After Whiterock '07 (3:50) i decided my next goal was to qualify for Boston.  People thought i was nuts since i would have to run a sub 3:10.  I knew i had to do two things, drop some weight (still 190 at the time) and incorporate speed work.  I dropped down below 175 fairly quickly and was doing tons of speed work.  I upped my milage so fast that i got injured and it put me out for about 5-6 months.  That summer i was newly 21 and drinking and having a good time.  I got back up to 200 and was miserable.  I decided that i needed to make a lifestyle change and that i missed the running and training.  I still had the goal of qualifying and was ready to do whatever it took to get it done.  I cut out the booze, took on a healthy diet and got on a pretty solid training plan.  Training went good and i made my first attemp at whiterock '08.  the weather was horrible and bonked out at mile 20 and missed it big time.  My whole demenor was shot and i felt like a big time failure.  I looked at my training and finally convinced myself that i was still capable and gave it another shot the next month in Arizona.  I ran a 3:20 and basically just hit a low point miles 22-24 which put me off pace.  I decided to try again december whiterock '09.

This is when the Ultra world opened up to me.  I took training very serious and bought a couple booked online.  One was dean karnazes 50/50/50 and the other was "running through the wall".  A book called running through the wall sounds like a marathon book right?  I bought them both wanting to read about marathons and figure out ways to get faster.  I opened up that book and realized that it was all ultramarathon stories from different people sent in.  I was in shock that there was a whole nother sport and distances beyond the marathon.  Races that lasted days through the mountains sounded freakin crazy to me.  but the more i kept reading, something inside of me was inspired and knew i had to try these out for myself.  i still focused on a sub 3:10 marathon because that was my original goal and told myself i had to break that before i did a trail run.  That december i ran a 3:08 at whiterock so i was off teh hook as far as marathons and had no obligation to ever run one again.

I was signed up for the Bandera 50k in January of 2010.  In 2009 i ran two road 50k's.  At cowtown i ran a 4:07 that february.  Every night i was looking at 100 mile races on the internet and researching just how people actually did that stuff.  I told myself i needed to complete a couple 50k's first then a couple 50 milers before even thinking about a 100.  That january rolled around and i was on my way down to Bandera.  It was about 9 dagrees at the start but trail runners are a different breed and everybody was loving it!  The race went horrible for me, but it was ton of fun.  I liked the low key atmosphere non cowbell sideline people and i didn't miss the dumb signs people have at road races.  That race trashed me.  I wasn't ready for the rocks, the hills or the time.  It took me 6 1/2 hours compared to my 4 hour cowtown 50k.  Before bandera i had never actually done a single training run on a trail in my life.  So to get to bandera and start up cairne's climb was a real eye opener for me.  Even though it kicked my ass i was signed up for Hells Hills that April.  That was to be my first 50 attempt.  I did much more hill training and got in about 5 30 milers and a 35 miler.  Hells Hills went great and I loved it.  In fact it went so good that at mile 48 i was chatting with a guy and i told him i wanted to do a 100.  to my suprise he told me to go for it and i was in better shape then i thought.  With an experiences runner telling me that (he was training for hardrock), i believed in myself and when i got home i started looking for taht first 100.  my plan was to do one next summer to give myself 15 months to train.  I landed on Cactus Rose only 6 months away.  Once again i knew it could be done and i was beyond determined.  The training was so time consuming that i felt like i had to tell my family that it was the only 100 I would ever do.  At the time i told myself i only had to do one (even though i looked at badwater stuff every night and purposely trained in middle of the day).  Race day rolled around and it was more fun then i had imagined.  the race went great and i ran it pretty solid. no real low points and never ever considered quitting.  Even though i said that was my only one, a week later my application was in for western states.  My body held up pretty well and my pacer told me he would be disappointed if i never did another ultra.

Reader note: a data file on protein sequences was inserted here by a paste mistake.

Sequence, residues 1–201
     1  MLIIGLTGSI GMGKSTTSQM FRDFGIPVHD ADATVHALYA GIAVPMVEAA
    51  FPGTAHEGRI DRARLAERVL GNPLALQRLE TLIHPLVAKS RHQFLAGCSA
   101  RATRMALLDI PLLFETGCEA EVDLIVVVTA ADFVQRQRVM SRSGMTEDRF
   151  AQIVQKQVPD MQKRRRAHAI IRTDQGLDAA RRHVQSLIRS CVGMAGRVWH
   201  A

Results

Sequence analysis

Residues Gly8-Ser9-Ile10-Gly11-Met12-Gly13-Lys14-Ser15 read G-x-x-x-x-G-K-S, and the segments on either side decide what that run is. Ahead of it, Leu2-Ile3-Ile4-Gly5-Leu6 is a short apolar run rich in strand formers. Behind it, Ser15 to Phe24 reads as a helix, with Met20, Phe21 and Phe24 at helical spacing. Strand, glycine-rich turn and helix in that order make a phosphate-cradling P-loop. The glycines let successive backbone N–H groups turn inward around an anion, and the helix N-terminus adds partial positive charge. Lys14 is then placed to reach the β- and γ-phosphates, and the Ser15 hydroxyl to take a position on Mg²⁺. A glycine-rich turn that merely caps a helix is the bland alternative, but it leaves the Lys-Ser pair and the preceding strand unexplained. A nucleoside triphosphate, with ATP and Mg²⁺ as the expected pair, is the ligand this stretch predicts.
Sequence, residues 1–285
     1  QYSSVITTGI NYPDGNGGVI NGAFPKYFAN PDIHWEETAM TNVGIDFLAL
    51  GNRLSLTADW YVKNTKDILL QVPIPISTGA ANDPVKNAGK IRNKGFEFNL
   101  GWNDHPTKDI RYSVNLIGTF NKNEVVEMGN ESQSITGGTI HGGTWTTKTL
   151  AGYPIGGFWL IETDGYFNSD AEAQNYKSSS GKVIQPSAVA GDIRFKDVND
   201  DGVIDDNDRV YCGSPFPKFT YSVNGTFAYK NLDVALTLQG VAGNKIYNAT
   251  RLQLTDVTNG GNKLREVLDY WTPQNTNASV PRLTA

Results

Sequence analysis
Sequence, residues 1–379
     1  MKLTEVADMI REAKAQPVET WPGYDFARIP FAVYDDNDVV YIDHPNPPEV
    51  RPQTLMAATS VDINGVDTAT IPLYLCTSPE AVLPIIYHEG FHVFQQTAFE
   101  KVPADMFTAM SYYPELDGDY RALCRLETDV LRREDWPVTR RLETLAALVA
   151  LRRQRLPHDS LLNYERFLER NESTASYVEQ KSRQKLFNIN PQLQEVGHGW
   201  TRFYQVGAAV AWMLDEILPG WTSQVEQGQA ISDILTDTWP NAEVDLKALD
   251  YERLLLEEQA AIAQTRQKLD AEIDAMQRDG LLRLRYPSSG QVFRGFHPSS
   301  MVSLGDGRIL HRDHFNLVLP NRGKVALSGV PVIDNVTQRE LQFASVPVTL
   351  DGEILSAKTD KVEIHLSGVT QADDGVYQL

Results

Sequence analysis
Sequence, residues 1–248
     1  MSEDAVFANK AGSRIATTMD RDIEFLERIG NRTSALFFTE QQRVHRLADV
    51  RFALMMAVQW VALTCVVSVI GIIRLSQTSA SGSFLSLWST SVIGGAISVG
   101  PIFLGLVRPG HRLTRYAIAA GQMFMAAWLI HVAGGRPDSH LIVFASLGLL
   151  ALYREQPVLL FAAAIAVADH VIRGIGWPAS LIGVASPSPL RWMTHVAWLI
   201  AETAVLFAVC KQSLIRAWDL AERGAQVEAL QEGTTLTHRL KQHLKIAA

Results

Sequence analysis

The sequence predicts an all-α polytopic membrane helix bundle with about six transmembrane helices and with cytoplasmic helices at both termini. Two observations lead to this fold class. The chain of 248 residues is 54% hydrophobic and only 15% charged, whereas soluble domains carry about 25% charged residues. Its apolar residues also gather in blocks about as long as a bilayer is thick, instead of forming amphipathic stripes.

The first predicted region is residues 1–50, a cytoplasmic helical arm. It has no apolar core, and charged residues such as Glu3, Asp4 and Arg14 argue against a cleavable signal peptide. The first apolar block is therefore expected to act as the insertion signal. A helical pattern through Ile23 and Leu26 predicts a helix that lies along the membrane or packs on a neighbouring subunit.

About two weeks after Cactus last year, I had my whole 2011 planned out.  I had about (4) 50 milers planned out but most of all i had my whole training schedule for the next cactus written out on paper.  Im looking at it right now because this weekend was one of my intermediate goals in training.  I have stuck to the training big time and have met every goal and stayed on track for 11 months now.  I ran Cactus in 23:53 in 2010.  Just two weeks later I said my goal was a sub 20 for 2011.  It sounded like a crazy goal, but i knew if i could meet those goals throughout the year that i was on track.  A goal no matter how farfetched, is never ever possible unless you believe in yourself.  I wrote down what needed to be done and told myself if I stick to it, there is no reason why I can't.  I started a vigorous hill workout and took my long runs serious and went for time on every one of them.  I practiced nutrition and quick exchanges at aid stations to get ready.  The race is 4 weeks away and i'm ready to go for it!  I once heard "those who don't take a chance, don't get a chance"